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An Integrated Risk Based Approach to the Control of Salmonella in UK Pig Farms


The food chain employs 12% of the British work force, accounts for 8% of our economy and involves us all as consumers. Food safety is regarded by consumers as a right and the new European Union (EU) food hygiene regulations firmly place responsibility for a risk-based approach to the control of foodborne zoonoses on farmers as well as other food chain stakeholders. One indicator of the success of Defra’s Animal Health and Welfare Strategy will be a reduction in the “incidence of zoonotic diseases in animals which might imperil public health” and this is echoed by the Food Standards Agency (FSA), which aims to reduce food-borne illness by 20% by 2006. The FSA further aims to reduce the prevalence of salmonella in pigs by 50% by 2010. Whilst the Government may wish to intervene to protect the health of the public, their strategic vision is to share these costs equitably with industry. Action must be founded upon evidence and one purpose of scientific research is to improve our knowledge and thus inform decision-making.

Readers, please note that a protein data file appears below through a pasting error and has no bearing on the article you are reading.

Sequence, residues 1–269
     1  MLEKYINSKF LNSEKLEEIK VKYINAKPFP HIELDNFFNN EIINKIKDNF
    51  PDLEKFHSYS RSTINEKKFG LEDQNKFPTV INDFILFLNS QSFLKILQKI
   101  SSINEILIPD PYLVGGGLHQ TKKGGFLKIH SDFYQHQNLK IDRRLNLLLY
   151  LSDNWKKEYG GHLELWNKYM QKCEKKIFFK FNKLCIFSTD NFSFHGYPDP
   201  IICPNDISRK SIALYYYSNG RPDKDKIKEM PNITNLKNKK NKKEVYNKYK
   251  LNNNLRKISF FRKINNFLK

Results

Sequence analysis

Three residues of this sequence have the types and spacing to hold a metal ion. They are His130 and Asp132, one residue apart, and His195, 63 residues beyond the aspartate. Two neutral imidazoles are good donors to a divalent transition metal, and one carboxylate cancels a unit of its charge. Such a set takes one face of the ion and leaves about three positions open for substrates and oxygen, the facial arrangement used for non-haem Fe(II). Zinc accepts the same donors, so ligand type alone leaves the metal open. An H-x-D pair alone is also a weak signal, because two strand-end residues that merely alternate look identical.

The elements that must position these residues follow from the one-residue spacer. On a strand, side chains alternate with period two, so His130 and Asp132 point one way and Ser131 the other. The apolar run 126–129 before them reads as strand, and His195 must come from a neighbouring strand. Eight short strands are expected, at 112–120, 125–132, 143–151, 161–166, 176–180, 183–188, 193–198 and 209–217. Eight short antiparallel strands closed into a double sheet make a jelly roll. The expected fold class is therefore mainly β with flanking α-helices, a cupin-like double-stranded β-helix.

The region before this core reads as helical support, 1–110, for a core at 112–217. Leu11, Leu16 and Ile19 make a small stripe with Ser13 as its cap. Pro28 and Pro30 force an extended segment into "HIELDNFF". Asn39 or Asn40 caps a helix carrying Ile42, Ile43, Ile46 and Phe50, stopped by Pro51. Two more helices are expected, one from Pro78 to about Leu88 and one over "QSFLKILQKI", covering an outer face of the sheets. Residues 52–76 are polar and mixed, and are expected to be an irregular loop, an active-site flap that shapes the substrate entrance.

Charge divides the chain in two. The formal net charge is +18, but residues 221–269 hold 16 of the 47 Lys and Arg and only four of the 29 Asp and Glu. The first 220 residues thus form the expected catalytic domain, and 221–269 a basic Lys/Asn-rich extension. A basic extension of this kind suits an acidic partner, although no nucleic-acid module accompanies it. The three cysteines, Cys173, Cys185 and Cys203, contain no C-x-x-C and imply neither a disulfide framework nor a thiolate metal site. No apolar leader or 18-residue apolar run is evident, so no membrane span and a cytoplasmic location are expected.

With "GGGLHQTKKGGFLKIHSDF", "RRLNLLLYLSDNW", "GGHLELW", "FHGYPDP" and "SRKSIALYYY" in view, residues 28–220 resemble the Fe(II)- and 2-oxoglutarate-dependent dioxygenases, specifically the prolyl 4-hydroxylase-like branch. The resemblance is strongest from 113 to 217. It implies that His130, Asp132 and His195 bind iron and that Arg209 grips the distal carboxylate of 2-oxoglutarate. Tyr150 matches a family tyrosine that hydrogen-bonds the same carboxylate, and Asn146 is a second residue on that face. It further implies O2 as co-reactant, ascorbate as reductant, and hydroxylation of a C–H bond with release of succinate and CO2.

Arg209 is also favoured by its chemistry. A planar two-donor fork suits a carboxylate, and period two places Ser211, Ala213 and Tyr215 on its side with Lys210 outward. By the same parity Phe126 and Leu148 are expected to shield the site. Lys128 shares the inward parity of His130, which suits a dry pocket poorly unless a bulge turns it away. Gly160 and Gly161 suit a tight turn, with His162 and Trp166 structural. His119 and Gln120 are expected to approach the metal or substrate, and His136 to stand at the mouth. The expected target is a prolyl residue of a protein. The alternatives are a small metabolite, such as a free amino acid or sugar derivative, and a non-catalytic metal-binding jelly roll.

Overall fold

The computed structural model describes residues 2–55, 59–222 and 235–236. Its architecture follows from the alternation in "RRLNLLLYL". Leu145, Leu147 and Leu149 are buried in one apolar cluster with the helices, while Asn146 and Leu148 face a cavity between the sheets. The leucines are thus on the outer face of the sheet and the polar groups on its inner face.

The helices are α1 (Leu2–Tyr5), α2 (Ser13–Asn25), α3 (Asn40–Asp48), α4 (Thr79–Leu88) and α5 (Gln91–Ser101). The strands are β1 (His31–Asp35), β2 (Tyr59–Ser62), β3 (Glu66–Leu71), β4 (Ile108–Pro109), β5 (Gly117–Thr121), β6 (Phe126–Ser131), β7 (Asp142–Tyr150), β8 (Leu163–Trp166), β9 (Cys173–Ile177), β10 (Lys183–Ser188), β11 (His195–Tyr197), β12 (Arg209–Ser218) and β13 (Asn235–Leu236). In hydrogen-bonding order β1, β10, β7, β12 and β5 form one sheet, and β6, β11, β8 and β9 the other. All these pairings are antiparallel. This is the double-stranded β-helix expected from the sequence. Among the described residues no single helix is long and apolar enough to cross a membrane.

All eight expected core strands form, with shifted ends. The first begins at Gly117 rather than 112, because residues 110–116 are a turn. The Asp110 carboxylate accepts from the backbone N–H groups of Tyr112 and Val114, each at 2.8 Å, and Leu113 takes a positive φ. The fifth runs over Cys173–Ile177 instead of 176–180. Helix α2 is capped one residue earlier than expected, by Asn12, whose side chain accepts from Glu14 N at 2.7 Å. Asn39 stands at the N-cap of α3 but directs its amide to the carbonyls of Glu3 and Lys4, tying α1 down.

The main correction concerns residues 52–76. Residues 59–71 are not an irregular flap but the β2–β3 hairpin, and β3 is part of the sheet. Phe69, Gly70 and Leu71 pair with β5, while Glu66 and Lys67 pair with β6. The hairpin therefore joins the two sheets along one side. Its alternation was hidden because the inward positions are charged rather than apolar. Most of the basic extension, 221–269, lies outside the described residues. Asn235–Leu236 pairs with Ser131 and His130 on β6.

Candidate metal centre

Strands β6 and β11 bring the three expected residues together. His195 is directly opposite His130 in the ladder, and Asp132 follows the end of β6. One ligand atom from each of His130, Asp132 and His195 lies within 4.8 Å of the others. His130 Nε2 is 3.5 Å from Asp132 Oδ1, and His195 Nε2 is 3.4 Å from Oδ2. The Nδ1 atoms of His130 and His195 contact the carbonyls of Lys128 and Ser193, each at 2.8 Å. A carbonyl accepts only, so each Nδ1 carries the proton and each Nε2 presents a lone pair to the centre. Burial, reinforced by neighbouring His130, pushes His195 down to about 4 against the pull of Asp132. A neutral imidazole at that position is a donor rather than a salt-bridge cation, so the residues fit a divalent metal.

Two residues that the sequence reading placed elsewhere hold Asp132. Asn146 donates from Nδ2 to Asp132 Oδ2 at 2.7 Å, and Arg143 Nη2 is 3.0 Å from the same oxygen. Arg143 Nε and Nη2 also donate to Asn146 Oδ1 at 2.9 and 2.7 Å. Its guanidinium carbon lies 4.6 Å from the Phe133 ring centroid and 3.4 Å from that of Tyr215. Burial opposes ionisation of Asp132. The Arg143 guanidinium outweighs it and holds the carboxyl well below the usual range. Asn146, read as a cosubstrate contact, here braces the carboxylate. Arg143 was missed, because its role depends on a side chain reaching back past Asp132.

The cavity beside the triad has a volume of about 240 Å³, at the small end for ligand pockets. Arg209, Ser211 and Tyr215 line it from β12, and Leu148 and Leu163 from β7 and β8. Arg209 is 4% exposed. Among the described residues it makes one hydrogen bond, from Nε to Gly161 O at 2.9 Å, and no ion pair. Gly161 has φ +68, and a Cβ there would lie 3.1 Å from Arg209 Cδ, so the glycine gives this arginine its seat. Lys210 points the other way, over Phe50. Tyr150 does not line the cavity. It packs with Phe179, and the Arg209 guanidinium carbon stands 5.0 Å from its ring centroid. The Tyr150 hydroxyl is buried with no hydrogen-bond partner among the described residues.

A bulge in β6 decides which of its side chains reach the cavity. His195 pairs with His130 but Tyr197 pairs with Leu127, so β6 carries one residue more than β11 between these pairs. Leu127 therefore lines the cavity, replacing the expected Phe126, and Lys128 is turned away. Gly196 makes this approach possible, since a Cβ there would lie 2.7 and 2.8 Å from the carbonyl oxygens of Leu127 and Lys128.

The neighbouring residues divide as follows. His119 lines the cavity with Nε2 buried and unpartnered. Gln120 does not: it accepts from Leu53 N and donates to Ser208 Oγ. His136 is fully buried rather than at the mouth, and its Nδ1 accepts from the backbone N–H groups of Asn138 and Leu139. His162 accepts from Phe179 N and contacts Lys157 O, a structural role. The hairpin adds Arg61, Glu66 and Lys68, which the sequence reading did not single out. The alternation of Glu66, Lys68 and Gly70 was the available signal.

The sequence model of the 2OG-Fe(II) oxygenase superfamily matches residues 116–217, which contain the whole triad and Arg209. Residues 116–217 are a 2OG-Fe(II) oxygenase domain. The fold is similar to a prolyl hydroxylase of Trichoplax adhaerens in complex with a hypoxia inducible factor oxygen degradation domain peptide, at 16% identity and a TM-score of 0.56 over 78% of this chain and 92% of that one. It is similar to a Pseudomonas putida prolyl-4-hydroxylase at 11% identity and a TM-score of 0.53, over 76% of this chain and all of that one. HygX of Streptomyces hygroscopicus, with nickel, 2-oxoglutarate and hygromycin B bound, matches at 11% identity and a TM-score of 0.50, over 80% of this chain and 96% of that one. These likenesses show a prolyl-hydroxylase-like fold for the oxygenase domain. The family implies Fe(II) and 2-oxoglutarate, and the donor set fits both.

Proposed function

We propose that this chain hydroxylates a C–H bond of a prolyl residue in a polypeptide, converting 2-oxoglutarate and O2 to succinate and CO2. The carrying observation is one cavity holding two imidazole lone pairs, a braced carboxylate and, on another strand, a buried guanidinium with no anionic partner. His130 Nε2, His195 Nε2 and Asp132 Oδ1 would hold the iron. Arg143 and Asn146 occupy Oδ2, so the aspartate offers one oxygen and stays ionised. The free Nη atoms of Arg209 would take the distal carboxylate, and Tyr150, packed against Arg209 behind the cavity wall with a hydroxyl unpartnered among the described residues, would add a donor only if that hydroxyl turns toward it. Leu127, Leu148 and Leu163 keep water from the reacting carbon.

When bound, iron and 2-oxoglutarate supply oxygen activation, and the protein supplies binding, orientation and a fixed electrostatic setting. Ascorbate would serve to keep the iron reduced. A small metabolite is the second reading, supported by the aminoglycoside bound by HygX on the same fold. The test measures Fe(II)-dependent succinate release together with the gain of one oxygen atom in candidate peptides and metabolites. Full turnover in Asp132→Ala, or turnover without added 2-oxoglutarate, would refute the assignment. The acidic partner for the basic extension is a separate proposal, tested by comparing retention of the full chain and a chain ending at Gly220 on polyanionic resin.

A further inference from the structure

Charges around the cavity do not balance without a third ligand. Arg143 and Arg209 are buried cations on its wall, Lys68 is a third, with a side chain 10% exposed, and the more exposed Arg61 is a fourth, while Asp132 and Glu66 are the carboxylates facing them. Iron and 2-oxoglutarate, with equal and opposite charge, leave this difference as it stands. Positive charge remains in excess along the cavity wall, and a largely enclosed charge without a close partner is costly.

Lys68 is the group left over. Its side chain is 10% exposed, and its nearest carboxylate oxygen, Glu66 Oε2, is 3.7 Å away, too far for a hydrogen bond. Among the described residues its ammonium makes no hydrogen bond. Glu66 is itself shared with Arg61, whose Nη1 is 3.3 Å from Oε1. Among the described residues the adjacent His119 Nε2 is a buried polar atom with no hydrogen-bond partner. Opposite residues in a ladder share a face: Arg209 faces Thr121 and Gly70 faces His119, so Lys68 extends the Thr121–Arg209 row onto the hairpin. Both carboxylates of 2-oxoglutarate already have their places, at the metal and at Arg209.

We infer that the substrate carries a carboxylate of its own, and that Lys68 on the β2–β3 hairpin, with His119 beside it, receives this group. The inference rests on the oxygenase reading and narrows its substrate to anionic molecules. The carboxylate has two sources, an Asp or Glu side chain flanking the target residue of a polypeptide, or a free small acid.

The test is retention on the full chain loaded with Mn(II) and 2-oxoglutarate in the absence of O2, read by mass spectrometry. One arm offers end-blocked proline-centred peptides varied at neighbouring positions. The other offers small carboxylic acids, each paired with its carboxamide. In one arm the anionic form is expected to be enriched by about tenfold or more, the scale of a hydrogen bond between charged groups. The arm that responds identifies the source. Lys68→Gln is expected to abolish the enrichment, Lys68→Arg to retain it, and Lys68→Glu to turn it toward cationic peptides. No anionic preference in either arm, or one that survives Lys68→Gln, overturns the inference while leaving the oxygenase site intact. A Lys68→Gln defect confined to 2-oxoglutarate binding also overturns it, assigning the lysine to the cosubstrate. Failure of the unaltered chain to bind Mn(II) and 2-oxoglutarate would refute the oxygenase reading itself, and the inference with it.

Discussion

This proposal focuses upon one recognised food safety problem – salmonella infection in pigs, which is the target of the industry-lead Zoonoses Action Plan Salmonella Programme (ZAP). Our multi-disciplinary project encompasses the entire food chain, from farmer to consumer. We will address the epidemiology of salmonella infection in pigs through field-based studies and the use of sophisticated genetic typing methods. <P>
These results will inform the further development of our existing microbial risk assessment (MRA) that models the risk of human salmonellosis attributable to pig meat. We will estimate the efficacy and cost of interventions at different stages through the food chain and integrate these results with our MRA. Benefits from the control of salmonella infection in pigs will be measured by considering the economic impact of human cases. <P>
We will also conduct a stakeholder analysis to enable us to understand the views of people at every level – farmers, private vets, abattoir and food industry professionals – regarding the feasibility of proposed approaches to Salmonella control, and subsequent acceptance by consumers. The stakeholder analysis will identify potential factors, which may lead to success or failure of the strategy through the food chain from “farm to fork”.<P>
Stakeholders throughout the food chain and policy-makers within Defra and the FSA will value the knowledge that we create.

Veterinary Laboratories Agency, UK
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